Some time this month there will be dozens—scores, maybe, even hundreds—of senior government officials purchasing or receiving as gifts countdown clocks, ticking away the hours, days, and minutes until noon on January 20, 2017. They will put these gadgets on their desks and joke about them. And then they will go to all-hands meetings at which they will give their subordinates rousing injunctions like “Sprint across the finish line!” “Leave it all on the field!” or, as President Obama has already said, “We’re going to stay on offense!”
These gizmos with electrons, which replace the trickling hourglasses of bygone years, are the more accurate indicator of mood than the cheerleading. To be sure, the true believers (there are always a few of those left, particularly in the White House in the last year of an administration) will be inspired for a little while by the slogans. The rest are already sending around resumes, and fretting that they should have bailed out earlier. These sub-cabinet officials have begun to get the queasy feeling that maybe the administration they gave their all to was not quite as successful as they have been telling their increasingly unsympathetic spouses all along. They have not quite figured out, but soon will, that they may be called assistant secretaries, but that does not mean that anyone wants to hire them at the salaries they think they deserve, for the responsibilities they think they can handle, dealing with matters they find interesting.
A lot of the real high-fliers have left office long since—they knew that the time to cash in was when they could still trade on the appearance if not the reality of inside knowledge and influence. The veterans of previous administrations, other than hardened civil servants, also know just how dispiriting this last year will be, and quietly said to themselves some time ago, “Once is enough for me.” What remains is an odd amalgam of dedicated professionals and patriots, fevered acolytes, tenured professors (who alone know exactly what they will be doing come January 21), kids, and Washington climbers who can spend the rest of their lives refraining from correcting people who mistakenly put “The Honorable” in front of their names.
The insiders realize an administration has entered its terminal decline when they notice that foreign diplomats and senior journalists take a decidedly more relaxed view of their pronouncements than once they did. The invitations to the large receptions still come, but the intimate, probing lunches and dinners grow fewer. Your views are met neither with anxiety, nor urgent efforts to dissuade, but with a benign tolerance bordering on indifference. What is worse, you begin to notice that the foreigners are wining and dining advisers either to the opposition party or (worse in some ways) to the candidate of the incumbent party. The latter group—your former colleagues—have begun carefully but publicly edging away from the policies you and they once made together, and to blame you for having screwed them up.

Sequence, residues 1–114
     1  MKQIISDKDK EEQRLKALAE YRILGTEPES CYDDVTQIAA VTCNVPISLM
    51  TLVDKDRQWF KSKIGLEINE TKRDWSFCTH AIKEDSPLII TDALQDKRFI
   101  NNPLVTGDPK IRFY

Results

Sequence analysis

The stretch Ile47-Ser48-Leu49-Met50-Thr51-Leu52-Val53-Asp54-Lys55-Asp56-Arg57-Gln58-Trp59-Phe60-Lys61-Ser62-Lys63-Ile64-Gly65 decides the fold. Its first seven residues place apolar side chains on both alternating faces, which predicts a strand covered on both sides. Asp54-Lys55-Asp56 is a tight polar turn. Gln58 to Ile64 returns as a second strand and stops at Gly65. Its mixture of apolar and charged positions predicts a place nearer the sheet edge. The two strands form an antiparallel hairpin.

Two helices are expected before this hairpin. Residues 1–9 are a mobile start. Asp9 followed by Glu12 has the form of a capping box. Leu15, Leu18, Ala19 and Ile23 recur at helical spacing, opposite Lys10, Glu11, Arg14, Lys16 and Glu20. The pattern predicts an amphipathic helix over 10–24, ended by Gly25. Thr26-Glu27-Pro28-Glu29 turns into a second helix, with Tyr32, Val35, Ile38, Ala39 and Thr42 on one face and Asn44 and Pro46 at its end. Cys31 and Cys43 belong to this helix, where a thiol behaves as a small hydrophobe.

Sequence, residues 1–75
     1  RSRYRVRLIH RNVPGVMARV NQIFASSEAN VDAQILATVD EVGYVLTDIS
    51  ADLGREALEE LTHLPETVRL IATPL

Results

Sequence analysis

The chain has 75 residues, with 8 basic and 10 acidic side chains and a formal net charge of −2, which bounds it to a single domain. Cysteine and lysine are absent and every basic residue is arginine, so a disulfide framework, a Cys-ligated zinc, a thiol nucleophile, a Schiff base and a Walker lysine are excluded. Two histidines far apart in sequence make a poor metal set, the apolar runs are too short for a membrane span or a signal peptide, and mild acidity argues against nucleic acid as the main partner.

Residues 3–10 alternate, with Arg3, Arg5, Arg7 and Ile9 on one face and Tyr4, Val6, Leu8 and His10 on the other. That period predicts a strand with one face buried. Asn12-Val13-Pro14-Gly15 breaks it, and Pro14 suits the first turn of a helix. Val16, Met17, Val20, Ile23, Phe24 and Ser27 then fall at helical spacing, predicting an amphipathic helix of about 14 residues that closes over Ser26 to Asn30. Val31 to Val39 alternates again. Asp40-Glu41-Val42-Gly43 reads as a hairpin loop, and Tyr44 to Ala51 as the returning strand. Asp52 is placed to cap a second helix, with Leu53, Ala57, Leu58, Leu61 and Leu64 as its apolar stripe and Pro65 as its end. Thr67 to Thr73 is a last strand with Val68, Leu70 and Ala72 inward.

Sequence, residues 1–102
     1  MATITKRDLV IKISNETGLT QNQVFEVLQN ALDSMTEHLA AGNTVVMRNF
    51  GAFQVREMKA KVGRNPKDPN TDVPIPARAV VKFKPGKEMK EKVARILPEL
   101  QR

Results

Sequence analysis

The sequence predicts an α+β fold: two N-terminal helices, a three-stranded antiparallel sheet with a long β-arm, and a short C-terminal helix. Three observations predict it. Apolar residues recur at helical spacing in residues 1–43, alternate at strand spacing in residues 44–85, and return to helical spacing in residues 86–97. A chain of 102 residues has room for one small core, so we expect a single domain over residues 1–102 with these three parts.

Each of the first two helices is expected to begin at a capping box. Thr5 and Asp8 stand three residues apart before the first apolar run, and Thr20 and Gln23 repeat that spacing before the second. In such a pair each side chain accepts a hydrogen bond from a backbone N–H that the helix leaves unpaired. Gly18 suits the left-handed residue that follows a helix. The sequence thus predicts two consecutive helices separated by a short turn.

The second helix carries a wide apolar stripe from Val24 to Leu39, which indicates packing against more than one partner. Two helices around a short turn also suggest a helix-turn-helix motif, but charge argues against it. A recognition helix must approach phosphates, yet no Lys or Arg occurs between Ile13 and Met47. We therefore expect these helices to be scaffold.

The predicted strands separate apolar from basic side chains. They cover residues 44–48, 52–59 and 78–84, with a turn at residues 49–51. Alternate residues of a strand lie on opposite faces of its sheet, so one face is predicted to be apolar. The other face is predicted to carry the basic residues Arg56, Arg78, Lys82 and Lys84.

An administration in its last year resembles a small woodland creature reaching the end of its life, seeking only a quiet burrow in which to meet its demise. Like that moribund animal, an administration will exhibit pointless twitches of frantic activity before the very end. These mostly involve extensive foreign travel to nice or particularly interesting places, which gets you away from the polite yawns of Congressmen and Senators (and worse, their staffs) that meet your opinions back home. But sooner or later you return to Washington, and there realize that your unglamorous duty consists chiefly in leaving the dog’s breakfast of a policy in the least-desperate shape you can for the next team.